Texas Governor Rick Perry’s close relationship with fringe figures of the religious right is likely to be an issue for him if, as looks increasingly likely, he decides to run for president. But his central role in an international incident could loom even larger. Last night, he declined to intervene in the execution of a Mexican national, Humberto Leal, by lethal injection, despite public requests from the White House and the government of Mexico to hold off. Here’s the AP:
A Mexican national was executed Thursday evening for the rape-slaying of a San Antonio teenager after the U.S. Supreme Court turned down a White House-supported appeal to spare him in a death-penalty case where Texas justice triumphed over international treaty concerns…Police never told Leal after his arrest that he could seek legal assistance from the Mexican government under an international treaty, and his case had prompted appeals on what it could mean for other foreigners arrested in the United States and for Americans detained abroad. His appeals lawyers said such assistance would have helped his defense.
Perry’s death penalty record is the sort of thing that, in a normal political climate (as opposed to the current one), would cripple any realistic shot at the Oval Office. He refused to stay the execution of Cameron Todd Willingham, and, after the fact, when the evidence began to overwhelmingly suggest that Willingham had been innocent, he replaced three members of the commission that had been reviewing the case. (Perry stands by the execution, insisting that Willingham was a “monster.”) After two decades on death row, Anthony Graves was released only after a lengthy investigation from Texas Monthly showed that he had been wrongfully convicted. And Perry’s doggedly embraced the death penalty even as studies continue to show that executions are costing his cash-strapped state hundreds of millions of dollars.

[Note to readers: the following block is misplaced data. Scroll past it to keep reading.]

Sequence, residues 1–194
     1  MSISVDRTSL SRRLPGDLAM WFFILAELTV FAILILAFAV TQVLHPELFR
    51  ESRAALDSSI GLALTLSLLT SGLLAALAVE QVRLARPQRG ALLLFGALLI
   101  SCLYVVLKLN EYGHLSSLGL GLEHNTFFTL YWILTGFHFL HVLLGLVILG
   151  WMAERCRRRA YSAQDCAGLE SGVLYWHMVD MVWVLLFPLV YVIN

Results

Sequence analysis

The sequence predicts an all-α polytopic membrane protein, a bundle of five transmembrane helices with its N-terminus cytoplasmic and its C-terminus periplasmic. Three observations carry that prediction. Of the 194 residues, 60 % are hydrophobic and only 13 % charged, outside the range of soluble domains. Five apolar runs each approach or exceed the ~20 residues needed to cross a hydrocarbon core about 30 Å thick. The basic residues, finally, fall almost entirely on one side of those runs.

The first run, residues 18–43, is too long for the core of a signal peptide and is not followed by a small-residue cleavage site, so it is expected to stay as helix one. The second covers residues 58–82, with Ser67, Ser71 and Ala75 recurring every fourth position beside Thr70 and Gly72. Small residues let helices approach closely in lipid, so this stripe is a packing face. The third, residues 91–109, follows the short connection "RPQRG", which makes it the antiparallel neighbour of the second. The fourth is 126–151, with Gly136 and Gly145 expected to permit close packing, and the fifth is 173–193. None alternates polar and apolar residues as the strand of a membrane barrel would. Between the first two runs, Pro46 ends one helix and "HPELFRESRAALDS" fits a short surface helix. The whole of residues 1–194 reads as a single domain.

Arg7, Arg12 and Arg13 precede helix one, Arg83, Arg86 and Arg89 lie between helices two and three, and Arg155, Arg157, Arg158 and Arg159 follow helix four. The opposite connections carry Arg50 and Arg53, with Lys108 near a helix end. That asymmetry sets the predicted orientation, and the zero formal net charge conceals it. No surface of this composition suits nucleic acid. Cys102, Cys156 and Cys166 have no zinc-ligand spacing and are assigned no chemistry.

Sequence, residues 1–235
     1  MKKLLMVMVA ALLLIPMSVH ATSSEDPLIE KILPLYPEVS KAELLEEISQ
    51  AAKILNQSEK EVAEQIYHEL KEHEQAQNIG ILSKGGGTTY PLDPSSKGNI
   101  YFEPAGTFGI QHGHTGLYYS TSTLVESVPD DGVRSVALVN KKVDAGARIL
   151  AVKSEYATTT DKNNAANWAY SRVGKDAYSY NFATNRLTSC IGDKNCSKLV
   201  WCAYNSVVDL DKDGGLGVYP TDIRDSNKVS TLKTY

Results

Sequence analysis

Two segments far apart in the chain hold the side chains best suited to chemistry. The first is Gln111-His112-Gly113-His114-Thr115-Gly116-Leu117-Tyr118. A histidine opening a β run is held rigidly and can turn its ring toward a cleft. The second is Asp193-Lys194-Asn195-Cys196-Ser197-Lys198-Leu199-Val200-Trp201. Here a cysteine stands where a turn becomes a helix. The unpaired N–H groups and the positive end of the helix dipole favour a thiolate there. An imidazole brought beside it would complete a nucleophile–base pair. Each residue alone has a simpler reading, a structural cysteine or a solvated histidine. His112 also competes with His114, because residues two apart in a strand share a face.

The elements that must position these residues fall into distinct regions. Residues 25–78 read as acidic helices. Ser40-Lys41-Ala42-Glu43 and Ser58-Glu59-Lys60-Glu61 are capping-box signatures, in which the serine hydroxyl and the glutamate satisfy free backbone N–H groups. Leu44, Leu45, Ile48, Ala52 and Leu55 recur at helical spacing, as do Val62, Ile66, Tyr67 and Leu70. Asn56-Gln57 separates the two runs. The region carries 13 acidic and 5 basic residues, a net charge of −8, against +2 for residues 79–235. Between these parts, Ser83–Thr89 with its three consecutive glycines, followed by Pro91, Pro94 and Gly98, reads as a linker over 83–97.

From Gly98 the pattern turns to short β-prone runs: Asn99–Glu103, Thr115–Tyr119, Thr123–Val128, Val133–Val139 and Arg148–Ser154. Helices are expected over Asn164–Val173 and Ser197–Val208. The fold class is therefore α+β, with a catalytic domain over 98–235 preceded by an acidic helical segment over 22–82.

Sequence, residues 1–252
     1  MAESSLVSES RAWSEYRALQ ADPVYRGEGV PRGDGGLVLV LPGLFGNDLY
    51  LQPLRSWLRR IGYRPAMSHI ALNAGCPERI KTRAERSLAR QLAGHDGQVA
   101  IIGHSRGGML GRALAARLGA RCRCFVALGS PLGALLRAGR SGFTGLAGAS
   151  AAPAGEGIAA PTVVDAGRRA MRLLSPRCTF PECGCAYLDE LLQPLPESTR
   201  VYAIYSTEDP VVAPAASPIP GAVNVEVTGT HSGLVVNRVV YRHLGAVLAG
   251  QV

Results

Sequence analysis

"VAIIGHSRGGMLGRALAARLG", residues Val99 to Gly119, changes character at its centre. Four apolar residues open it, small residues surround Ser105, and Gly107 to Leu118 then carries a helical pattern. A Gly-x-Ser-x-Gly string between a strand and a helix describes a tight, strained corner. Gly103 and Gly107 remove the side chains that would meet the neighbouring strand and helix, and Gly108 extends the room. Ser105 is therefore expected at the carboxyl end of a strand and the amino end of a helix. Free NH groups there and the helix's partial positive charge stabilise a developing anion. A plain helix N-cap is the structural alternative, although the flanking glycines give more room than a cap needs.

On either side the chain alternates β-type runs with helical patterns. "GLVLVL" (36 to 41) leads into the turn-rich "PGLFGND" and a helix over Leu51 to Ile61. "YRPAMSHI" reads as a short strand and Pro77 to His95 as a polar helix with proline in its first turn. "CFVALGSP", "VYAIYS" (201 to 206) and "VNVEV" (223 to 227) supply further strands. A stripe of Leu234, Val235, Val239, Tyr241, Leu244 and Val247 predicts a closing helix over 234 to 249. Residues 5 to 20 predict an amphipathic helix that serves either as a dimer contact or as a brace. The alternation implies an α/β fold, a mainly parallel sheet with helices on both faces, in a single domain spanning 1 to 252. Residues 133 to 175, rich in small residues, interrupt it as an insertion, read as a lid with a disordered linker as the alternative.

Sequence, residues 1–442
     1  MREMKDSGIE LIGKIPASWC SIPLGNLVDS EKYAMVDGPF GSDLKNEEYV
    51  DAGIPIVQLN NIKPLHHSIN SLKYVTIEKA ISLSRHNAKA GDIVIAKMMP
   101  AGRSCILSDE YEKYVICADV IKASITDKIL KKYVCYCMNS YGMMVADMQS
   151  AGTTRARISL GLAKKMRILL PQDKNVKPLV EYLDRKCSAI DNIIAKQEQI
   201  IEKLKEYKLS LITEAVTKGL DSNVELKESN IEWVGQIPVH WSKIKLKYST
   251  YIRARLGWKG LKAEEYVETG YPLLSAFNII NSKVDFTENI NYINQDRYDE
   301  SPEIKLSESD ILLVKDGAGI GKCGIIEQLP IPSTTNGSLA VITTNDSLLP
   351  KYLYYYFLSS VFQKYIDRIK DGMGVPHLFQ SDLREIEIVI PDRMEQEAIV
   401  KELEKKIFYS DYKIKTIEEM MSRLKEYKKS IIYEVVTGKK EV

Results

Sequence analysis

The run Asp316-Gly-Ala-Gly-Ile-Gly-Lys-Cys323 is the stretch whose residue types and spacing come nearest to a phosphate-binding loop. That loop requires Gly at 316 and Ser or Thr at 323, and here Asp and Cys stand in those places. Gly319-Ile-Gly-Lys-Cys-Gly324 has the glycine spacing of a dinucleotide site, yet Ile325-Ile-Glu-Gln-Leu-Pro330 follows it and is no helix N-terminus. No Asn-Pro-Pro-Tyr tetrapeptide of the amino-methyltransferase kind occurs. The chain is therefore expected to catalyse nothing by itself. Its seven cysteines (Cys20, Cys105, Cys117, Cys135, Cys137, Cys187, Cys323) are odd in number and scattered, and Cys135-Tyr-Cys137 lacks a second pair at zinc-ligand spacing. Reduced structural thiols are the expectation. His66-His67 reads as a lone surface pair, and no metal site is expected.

Perry has presided over more than 230 executions as governor. As the Texas Tribune notes, he’s commuted the death sentences of 31 death row inmates, but in 30 of those cases, that was only because the Supreme Court ordered him to. The high court intervened against again last March, ordering that the state was required to consider DNA testing in an appeal from a death row inmate. In 2010, a Houston district judge ruled the state’s death penalty system was unconstitutional because it violated the 8th and 14th Amendments. Earlier this year, a Texas House committee considered a bill to put a two-year moratorium on executions, in light of continued evidence of wrongful convictions. And in April, a psychologist frequently employed as an expert by the state in death penalty cases was banned from performing mental evaluations after she was found to be using “unscientific” methods in her official analyses. Through it all, Perry has maintained the same confident tone: “I think our system works.”
The Leal execution is about more than just criminal justice. It also speaks to Perry’s hostile relationship with Washington, which is at the root of his appeal to the tea party. He’s clashed with Obama over perceived slights in disaster-relief funding and border security (although Texas has grown fat off border pork). Now, Perry’s returning the favor: The White House told the governor his decision would put Americans at risk when they travel abroad; Perry decided that wasn’t his problem. As with his suggestion in 2009 that Texas could secede from the Union over Obama’s policies, it’s a case of Perry demonstrating less than total allegiance to the national interest. Is that presidential? That’s for voters to decide.